Contents (Click To Jump)
- 1 What Are the Most Common Tree Issues in Gainesville?
- 2 Does the City of Gainesville Provide any Assistance in Tree Removal Problems?
- 3 Who Is Responsible for Fallen Tree Removal in Gainesville?
- 4 How Does the Soil Affect Trees in Gainesville?
- 5 Does Weather Affect Tree Health in Gainesville?
- 6 What If Dead Trees Are Near Power Lines in Gainesville?
- 7 How Much Does Tree Removal Usually Cost in Gainesville?
What Are the Most Common Tree Issues in Gainesville?
Gainesville, GA is famous for its attractions and breathtaking sceneries that inspired its name, ‘Queen City of the Mountains’. A considerable part of Gainesville is heavily wooded, with both coniferous and deciduous trees. Oak, red maple, pines, white hickories, and sweet gum are the prevalent trees in Gainesville. The trees also play a significant part in value addition for homeowners, and the lush landscapes present a perfect place to enjoy the warm summers.
However, trees in Gainesville are also affected by certain issues that limit their lifespan. Pests, tree diseases, and unexpected events are a great danger to these trees. We dug a bit deeper into how these elements affect our trees.
Various unexpected events, such as earthquakes, thunderstorms, floods, or even lightning, affect the trees in Gainesville. In 2009, strong winds took out various trees in the wee hours, and emergency care had to be undertaken immediately due to property destruction. Notably, a 150-year-old tree was not spared by the harsh weather, and it fell at the Norton Agency on Green Street. According to the Weather Service, Lee Gilmer Memorial Airport received up to 0.83 inches of rainfall. Also, Lake Lanier had so much rain that it rose to about 1,062 feet above sea level. The heavy rains coupled with the mighty winds meant that the trees had nothing to hold on to and most of the fragile trees were not spared. Some trees fell across Flat Creek Road, Interstate 985, and Kenimer Road, making some lanes impassable for a few hours. The road maintenance director in the city said that the crew had removed about 250 to 300 trees after the storm. As a result, the officials developed tips to cope with storm-related issues for the residents of Gainesville.
The climate in Gainesville also attracts insects. While some may be harmless wonders of nature, others are pests that damage the trees. Scale insects are famous for attacking deciduous or evergreen plants. They mostly occur on twigs, trunks, and leaves. Dense leaves and other soft tissues are also affected by aphids. While a small number of aphids may not damage an entire tree, they can lead to stunted growth in younger trees. Japanese beetles are also common in Gainesville and the whole of the United States, and they can attack nearly 300 tree species. These insects eat up the leaves between the veins and leave them in a skeleton-like appearance. As a result, the plant will no longer acquire nutrients. We always recommend calling an arborist if you notice any signs of pests on your trees. A certified arborist will apply an effective insecticide to kill the pests.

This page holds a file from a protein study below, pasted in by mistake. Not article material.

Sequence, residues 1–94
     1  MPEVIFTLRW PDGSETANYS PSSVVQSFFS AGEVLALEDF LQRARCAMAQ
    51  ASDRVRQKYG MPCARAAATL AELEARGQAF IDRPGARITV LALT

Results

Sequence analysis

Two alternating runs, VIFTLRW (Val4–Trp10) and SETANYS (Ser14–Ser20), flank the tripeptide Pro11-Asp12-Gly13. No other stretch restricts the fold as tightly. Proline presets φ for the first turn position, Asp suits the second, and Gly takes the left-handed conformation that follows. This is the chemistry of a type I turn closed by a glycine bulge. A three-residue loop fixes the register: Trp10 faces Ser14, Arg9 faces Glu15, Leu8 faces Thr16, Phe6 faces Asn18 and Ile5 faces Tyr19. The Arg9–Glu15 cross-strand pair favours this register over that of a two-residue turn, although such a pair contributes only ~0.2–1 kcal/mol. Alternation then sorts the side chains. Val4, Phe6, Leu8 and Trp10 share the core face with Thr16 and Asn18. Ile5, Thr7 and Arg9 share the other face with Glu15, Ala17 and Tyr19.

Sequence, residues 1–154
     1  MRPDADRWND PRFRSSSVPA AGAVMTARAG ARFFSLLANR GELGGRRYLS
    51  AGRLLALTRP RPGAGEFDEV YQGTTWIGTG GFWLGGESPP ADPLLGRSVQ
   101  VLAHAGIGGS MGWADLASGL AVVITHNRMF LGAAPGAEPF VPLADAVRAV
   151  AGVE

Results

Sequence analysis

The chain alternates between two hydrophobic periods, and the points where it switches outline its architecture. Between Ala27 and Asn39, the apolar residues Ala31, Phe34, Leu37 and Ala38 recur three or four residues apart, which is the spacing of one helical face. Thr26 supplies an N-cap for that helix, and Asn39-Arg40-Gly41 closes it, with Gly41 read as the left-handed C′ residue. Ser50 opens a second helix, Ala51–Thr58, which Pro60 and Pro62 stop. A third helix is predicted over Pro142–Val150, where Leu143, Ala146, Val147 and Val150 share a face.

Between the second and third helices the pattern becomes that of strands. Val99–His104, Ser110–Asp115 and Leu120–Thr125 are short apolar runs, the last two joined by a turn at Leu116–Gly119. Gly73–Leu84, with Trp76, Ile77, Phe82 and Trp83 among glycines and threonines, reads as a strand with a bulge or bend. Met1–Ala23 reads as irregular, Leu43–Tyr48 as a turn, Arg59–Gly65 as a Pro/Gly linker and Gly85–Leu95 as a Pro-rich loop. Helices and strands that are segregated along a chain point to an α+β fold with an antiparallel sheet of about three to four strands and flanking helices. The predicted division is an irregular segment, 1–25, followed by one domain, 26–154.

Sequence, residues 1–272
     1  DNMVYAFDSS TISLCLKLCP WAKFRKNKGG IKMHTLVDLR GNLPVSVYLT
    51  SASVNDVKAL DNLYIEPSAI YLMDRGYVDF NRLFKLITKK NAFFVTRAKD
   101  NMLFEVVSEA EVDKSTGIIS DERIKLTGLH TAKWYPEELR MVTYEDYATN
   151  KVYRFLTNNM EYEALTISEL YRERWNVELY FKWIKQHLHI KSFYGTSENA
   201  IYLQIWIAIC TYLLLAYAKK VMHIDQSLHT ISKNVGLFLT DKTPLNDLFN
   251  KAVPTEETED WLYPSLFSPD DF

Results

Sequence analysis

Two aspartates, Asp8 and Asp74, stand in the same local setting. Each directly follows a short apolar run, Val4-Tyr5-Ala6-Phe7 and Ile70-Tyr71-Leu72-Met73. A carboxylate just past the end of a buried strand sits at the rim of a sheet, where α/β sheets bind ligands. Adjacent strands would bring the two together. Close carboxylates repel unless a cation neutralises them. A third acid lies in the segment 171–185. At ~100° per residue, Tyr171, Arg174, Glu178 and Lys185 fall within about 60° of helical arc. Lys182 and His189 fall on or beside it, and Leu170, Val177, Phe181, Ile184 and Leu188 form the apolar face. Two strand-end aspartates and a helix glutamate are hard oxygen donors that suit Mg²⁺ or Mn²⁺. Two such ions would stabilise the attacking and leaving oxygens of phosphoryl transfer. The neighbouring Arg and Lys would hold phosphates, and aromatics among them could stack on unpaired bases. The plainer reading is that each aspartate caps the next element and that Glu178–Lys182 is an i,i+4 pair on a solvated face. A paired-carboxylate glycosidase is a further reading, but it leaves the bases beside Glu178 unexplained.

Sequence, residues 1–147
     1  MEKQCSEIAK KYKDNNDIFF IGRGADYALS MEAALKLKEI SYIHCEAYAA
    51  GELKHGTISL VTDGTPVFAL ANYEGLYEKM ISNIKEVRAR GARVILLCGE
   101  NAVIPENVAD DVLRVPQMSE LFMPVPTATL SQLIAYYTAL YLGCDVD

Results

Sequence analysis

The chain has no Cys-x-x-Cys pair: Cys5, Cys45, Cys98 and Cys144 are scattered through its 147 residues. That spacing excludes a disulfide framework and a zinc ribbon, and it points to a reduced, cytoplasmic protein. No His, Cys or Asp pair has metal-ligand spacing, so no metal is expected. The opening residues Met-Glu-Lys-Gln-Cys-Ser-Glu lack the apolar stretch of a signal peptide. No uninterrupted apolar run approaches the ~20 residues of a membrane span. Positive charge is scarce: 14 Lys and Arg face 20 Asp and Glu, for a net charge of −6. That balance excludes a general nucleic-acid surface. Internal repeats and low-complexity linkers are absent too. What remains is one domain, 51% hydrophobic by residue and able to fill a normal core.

While consistent tree pruning can keep your trees healthy, tree diseases will still catch up with them. In Gainesville, powdery mildew is a common foliar disease that shows up on leaves and tender tree shoots. With time, the leaves can look scorched on the edges with several dead patches. They eventually turn yellow and drop off. The disease is common in spring, mostly in dense shady areas.
We’ve also received calls from homeowners in the areas above 200 feet with their trees having dogwood anthracnose. Most cases come up during spring, where homeowners notice spots on the leaves with brown margins and purple edges. The infection can quickly spread to the shoots and the branches, causing sunken areas.
Does the City of Gainesville Provide any Assistance in Tree Removal Problems?
Gainesville has strict tree regulations aimed at saving trees. There is more emphasis on heritage trees larger than 20 inches in diameter, such as sweetgum, laurel oaks, water oaks, and loblolly pines. That said, if a tree has fallen within public spaces, such as highways or streets, the city of Gainesville has the mandate to remove it. Even those on the curbside are under the responsibility of city officials. You are only responsible for the trees within your property.
Who Is Responsible for Fallen Tree Removal in Gainesville?
Tree ownership becomes a major concern once it matures. If the tree falls, it can be a source of conflict between neighbors in Gainesville.
Here is what you need to keep in mind:
If You’re a Homeowner?
You have certain responsibilities as a homeowner to remove any fallen trees within your property. If you have concerns about your trees’ health, an arborist can make the necessary assessments. Whether they are dead or fell due to bad weather, call a tree company in Gainesville such as Tree Triage to clear the mess.
If You’re a Renter?
The trees within your residential area belong to the property owner. If a tree falls, inform the owner immediately to have it removed.
If You’re a Landlord?
As a landlord, you are the owner of a residential area and any trees on that land. When a tree falls, you should make the necessary arrangements for tree removal in Gainesville.